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Euwallacea destruens

Euwallacea fornicatus

Euwallacea fornicatus

Euwallacea wallacei


Robust, dark-colored. Usually diagnosed by tall pronotum with inflated anterolateral corners (=subquadrate in dorsal profile) and elytral declivity laterally broadened. Pronotum not always subquadrate. Large species with protibiae triangular, with few large denticles, smaller species with protibial edge rounded, with numeorus small denticles. Antennal club usually type 3, with first segment straight, and segments 2 and 3 visible posteriad.


South Asia and Oceania, rare in temperate East Asia. One species recently introduced to North America.


E. destruens is capable of attacking live trees, occasionally causing damage in plantations. E. fornicatus also tea plantations. Large species breeding in tree trunks, small species often in twigs.


Designated by Hopkins (1915), significantly broadened and made polyphyletic by Wood & Bright (1992), split into Euwallacea, Wallacelus and Planiculus by Hulcr & Cognato (2010).

Detailed description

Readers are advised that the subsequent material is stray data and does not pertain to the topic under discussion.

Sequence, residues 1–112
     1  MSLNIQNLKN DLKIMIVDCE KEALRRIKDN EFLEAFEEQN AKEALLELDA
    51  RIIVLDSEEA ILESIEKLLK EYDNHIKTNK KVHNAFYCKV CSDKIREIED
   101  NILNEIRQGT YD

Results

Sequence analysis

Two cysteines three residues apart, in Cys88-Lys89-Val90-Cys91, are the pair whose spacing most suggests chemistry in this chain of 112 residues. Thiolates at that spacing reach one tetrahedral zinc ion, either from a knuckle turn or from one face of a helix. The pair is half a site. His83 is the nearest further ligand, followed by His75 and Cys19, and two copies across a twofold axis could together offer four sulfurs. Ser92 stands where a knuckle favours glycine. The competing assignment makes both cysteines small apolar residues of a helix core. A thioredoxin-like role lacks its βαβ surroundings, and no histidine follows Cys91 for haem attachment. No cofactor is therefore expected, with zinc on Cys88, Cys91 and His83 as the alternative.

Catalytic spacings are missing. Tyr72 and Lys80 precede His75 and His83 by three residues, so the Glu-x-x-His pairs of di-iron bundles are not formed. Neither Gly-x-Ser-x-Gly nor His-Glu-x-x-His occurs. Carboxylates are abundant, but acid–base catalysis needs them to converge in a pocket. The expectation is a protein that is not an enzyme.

Eyes shallowly emarginate, upper part smaller than lower part, or as large as lower part. Antennal club approximately circular, club type two (obliquely truncated, segment 2 visible on posterior side), or three (with segment 1 straight or convex). Segment 1 prominent, covering most of anterior side and nearly entire posterior side, its margin concave, fully costate. Segment 2 visible on both sides of club, but soft, or partly corneous on anterior side, or corneous on both sides of club, but not entirely circular. Segment 3 partly or clearly visible on both sides of club. Segment 1 of antennal funicle shorter then pedicel, in large species longer with stalk-like base. Funicle 4-segmented, scapus regularly thick. Frons above epistoma rugged, coarsely punctate. Submentum slightly impressed, shaped as very narrow triangle. Anterior edge of pronotum with no conspicuous row of serrations (serrations don't differ from those on anterior slope). Pronotum from lateral view tall (type 2), from dorsal view subquadrate (type 3), or quadrate, robust (type 4). Pronotal disc smooth, alutaceous, or densely and evenly punctured, lateral edge of pronotum obliquely costate. Procoxae contiguous, prosternal posterocoxal process short or tall, and inconspicuous to pointed or slightly inflated. Tuft on pronotal basis associated with mesonotal mycangium absent, setae on elytral bases associated with elytral mycangium also absent. Scutellum flat, flush with elytra. Elytral bases straight, with oblique edge, elytral disc longer than declivity, flat or slightly convex, punctures on elytral disc in distinct strial lines. Boundary between elytral disc and declivity indistinct, end of disc rounded and smoothly transitioning into declivity. Lateral profile of elytral declivity slowly descending, often flat. Elytral apex broadened and flattened laterally. Posterolateral declivital costa ending in 7th interstriae. Surface of declivity with few setae or scales, not conspicuously pubescent. Interstriae on declivity mostly with regularly spaced setae-bearing granules. In large species, granules are abundant, making declivity appear rugose. First interstriae parallel. Protibiae in large species distinctly triangular, slender on upper part, broad and denticulate on lower part, in smaller species broad, with evenly rounded edge. Posterior side of protibia flat, no granules, only setae. Protibial denticles in large species large, distinctly longer than wide, bases of denticles distinctly enlarged, conical, fewer than 6 protibial denticles present. In smaller species denticles small, sockets slightly enlarged, more abundant. Size variable, 2.8-5.7 mm. Color uniform, brown to black.